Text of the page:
Charles Harrington was an traveling actor, operating principally in England, who eventually set up his own traveling company. The company became well known for it’s performances of Uncle Tom’s Cabin, which by 1898 had become a full-scale musical and drew crowded houses.
His career seems to have covered the latter part of the 19th Century into the early 20th, around 1865 to 1912. Information on Charles Harrington is limited; but he was born Charles James Harrington on March 24th 1851 in Newcastle, England and married Zerlina Zerbini in 1873. No date of death for Charles Harrington has been traced, but it is probably after 1918.
The University Research Collections hold 54 play texts , the majority of which are the acting editions published by T.H.Lacy. Many are annotated by Harrington, some simply indicating the date and location of the performance while others show extensive modifications to the script.
For example, in ‘Pretty Piece of Business,’ he only makes slight annotations highlighting stage instructions and, what are presumably, his own characters lines. In ‘Follies of a Night’ on page 9, as he annotates stage instructions with numbers.
In ‘Kenilworth’ it is hard to miss his obvious alterations. In this play a large majority of the script is cut out on almost every other page, in particular the parts of ‘Tony’ and ‘Amy’. It is possible that the play was under a specific time limit and the script was too long to fit within this time period.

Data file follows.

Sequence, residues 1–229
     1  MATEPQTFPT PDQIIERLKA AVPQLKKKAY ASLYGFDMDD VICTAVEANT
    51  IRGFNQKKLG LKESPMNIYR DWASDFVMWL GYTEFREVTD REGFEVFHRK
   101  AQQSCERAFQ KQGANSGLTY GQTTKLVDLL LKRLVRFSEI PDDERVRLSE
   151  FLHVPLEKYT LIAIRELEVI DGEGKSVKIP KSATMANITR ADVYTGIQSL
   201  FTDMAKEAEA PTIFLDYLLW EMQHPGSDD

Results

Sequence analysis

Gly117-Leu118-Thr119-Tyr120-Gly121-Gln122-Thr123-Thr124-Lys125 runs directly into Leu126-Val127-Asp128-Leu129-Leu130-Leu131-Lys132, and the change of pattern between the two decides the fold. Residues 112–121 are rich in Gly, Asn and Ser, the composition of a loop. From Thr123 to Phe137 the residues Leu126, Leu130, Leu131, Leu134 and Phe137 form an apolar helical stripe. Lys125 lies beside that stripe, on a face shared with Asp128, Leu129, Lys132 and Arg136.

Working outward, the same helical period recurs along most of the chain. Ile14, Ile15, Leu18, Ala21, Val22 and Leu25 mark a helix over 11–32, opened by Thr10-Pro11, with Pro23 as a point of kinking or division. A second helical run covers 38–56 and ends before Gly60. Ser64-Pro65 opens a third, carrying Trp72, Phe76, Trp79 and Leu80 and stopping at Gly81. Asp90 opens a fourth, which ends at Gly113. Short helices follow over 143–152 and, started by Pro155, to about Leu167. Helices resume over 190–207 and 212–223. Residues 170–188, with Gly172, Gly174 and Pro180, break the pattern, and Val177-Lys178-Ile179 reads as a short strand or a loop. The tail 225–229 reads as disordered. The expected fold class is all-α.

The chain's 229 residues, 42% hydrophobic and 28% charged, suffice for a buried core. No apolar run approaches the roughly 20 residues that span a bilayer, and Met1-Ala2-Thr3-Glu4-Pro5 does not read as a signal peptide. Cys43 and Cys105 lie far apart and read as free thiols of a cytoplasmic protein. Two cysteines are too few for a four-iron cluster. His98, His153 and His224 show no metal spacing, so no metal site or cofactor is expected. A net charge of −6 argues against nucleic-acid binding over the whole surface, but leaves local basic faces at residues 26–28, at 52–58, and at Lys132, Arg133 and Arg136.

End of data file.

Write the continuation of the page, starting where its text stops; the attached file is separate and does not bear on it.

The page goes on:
Another example of this is the play ‘Peep-Show Man.’ In this play, Harrington cuts out much of the script from the very beginning. For example he cuts the character “Sandy”, delaying his appearance. Sandy’s first entry is originally on page four, but due to the alterations he doesn’t appear in the script until page fourteen, with a paletot over his arm. As well as the larger cuts there are smaller adaptations: on page thirty-two of the ‘Peep-Show Man’, instead of the wording of a sentence being “to get rid of that acoursed peep show man” it is altered “to get rid of him.” It does appear that alterations are being made with the main purpose of shortening the length of the plays.
The Charles James Harrington collection is interesting and valuable as it is an example of an repertoire of Victorian plays, performed by an individual who is largely unknown. It is an asset to anyone interested in theatre or plays themselves, and also offers an interesting insight into how alterations were made during the mid 1800s and early 1900s.